Microsoft only provides support for its products for a limited amount of time. As older operating systems and software become out of date, the company retires them in order to focus on current offerings.
This time, Windows Server 2008 and Windows Server 2008 R2 are reaching the end of their lifecycle. Let’s take a look at what this means and how businesses can migrate to a supported option.
What Are Windows Server 2008 and Server 2008 R2?
In case you’re not familiar, Microsoft publishes server operating systems alongside the consumer versions of Windows. They look similar, but have different purposes.
As the name suggests, Windows Server is designed to run on a server. Here it acts as a manager for a Windows business environment. Windows Server includes lots of management software to handle identification, networking, computer deployment, and much more across a whole network. It’s also more heavily locked down and doesn’t include consumer-facing features like the Microsoft Store or Cortana.
Windows Server 2008 was released in February 2008 and served as the replacement for Windows Server 2003. It’s built on the same base as Windows Vista, so it resembles that OS.
Meanwhile, Server 2008 R2 launched in October 2009. This version comes from the same code as Windows 7, and includes enhancements over the original Server 2008.
When Will Windows Server 2008 Leave Support?
Mainstream support, where Microsoft accepts requests to change Windows features and processes warranty claims, typically lasts for five years after release. Both Server 2008 and Sever 2008 R2 left mainstream support in January 2015.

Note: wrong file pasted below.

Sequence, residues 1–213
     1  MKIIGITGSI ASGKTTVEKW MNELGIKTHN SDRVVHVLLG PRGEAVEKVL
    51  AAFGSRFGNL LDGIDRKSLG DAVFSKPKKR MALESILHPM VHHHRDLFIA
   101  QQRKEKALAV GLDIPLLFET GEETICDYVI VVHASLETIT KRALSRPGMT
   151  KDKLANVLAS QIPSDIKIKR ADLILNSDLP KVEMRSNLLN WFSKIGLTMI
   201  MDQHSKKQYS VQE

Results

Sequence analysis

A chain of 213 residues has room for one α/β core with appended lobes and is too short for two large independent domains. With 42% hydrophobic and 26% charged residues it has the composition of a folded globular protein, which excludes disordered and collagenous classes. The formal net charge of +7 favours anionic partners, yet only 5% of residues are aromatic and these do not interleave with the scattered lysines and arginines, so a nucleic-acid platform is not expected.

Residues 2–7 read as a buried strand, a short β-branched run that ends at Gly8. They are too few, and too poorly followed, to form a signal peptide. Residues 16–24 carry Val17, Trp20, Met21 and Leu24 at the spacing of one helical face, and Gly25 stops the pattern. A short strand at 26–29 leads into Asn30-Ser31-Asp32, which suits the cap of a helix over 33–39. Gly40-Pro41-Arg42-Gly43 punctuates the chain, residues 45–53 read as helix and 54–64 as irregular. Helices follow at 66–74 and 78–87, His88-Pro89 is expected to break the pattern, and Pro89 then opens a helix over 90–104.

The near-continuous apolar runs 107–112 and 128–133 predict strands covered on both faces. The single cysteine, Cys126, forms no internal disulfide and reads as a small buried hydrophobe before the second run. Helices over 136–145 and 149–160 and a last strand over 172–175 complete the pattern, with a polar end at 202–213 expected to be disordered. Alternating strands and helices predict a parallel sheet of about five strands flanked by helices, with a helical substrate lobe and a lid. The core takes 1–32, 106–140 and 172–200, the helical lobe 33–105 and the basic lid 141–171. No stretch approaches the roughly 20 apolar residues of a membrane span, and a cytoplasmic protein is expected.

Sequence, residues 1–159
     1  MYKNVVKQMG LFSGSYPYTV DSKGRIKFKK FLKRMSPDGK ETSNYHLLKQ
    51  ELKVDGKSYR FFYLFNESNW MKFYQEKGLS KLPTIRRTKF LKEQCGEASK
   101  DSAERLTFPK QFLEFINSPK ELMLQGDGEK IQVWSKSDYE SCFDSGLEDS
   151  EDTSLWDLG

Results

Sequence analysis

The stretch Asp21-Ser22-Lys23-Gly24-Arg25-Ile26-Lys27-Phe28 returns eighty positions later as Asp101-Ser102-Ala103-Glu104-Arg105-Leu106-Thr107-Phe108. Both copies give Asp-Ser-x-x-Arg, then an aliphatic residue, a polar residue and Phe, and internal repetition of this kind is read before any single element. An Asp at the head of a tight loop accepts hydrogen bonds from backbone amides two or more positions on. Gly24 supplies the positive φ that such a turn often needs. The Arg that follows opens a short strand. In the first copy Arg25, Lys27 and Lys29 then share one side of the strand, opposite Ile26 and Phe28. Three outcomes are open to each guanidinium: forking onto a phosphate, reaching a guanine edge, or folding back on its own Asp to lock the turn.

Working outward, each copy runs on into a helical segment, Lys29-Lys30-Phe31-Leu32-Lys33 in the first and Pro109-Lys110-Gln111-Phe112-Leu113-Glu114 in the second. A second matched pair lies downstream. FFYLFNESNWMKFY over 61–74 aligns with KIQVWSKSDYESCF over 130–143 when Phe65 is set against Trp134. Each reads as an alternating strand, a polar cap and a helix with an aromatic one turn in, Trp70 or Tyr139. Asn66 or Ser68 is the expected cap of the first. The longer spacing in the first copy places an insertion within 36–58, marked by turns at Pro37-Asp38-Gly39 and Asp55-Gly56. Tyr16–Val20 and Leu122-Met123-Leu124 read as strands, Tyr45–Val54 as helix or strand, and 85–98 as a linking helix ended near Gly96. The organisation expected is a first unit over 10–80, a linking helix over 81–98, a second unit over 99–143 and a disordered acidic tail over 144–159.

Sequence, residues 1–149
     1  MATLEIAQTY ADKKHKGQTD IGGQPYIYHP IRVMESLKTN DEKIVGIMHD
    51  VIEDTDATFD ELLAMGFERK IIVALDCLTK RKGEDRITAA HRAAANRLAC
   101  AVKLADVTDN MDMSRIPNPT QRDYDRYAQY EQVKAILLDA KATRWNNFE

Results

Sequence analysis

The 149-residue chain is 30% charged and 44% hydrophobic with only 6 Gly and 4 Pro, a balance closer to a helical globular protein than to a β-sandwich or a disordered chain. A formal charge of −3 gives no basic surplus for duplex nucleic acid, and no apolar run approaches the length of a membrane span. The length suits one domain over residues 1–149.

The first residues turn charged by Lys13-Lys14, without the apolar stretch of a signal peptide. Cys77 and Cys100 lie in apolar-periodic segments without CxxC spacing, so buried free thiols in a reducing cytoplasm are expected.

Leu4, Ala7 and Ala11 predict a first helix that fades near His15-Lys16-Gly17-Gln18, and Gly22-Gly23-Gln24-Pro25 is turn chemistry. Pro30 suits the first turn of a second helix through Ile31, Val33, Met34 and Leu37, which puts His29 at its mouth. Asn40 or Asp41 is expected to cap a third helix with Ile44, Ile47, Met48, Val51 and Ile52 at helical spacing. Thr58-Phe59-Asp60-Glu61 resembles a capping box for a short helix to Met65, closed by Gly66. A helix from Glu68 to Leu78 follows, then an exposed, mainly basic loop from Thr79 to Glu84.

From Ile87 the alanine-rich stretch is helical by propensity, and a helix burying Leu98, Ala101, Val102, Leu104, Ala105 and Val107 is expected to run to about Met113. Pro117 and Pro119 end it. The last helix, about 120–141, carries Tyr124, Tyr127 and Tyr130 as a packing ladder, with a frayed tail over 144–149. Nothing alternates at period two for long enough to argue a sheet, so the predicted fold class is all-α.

After this comes a period of extended support, where Microsoft only provides security patches for the OS. On January 14, 2020, both Windows Server 2008 and Server 2008 R2 will exit extended support.
This date might sound familiar if you’ve read our post about Windows 7’s end of life. As it turns out, not only will both Windows Server versions reach their end of life on that date, but so will Windows 7.
Newer Versions of Windows Server
As you’d expect, Microsoft has released newer versions of Windows Server since 2008 R2. Below is a list of the offerings that have launched since then:
- Windows Server 2012
- Windows Server 2012 R2
- Windows Server 2016
- Windows Server 2019
Each of these corresponds to a consumer version of Windows. Server 2012 released close to Windows 8, while Server 2012 RW matches Windows 8.1. Windows Server 2016 is based on the Windows 10 Anniversary Update, while Server 2019 is based on the October 2018 Update.
How to Migrate From Windows Server 2008
If your company has a server running Windows Server 2008 or 2008 R2, it’s important that you have a plan for upgrading it. Running a server OS that no longer receives security updates puts your business in danger.
You have two main options when looking to upgrade: updating your in-house server, or moving to a cloud service like Microsoft Azure. Both of these options have benefits and drawbacks.
Upgrading to a new server operating system is usually a bad idea, because it can introduce a variety of problems. Most of the time, you will want to start with a clean slate after a server has been running for something like seven years. Since upgrading directly is not a great option, you’ll have to decide whether purchasing an entire new server, and paying the licensing costs for the latest version of Windows Server, is worth it. Assuming you upgrade to Windows Server 2019, you’ll have extended support until January 2029.
Your other option is moving your server to the cloud. Using a service like Microsoft Azure allows you to take advantage of handy features not available on a local server installation. This also allows you to spread the cost of upgrading out over many months, instead of making a large purchase all at once. However, it is usually more expensive at current Azure pricing to do this over the long run. Typically, around three years of Azure runtime is what it costs for a physical server that you could have for seven years before the hardware needs replaced.
Server 2008 Comes to a Close
Windows operating systems hit the end of their life regularly. By being prepared for what’s coming, you can avoid having to rush at the last minute to avoid using an unsupported platform.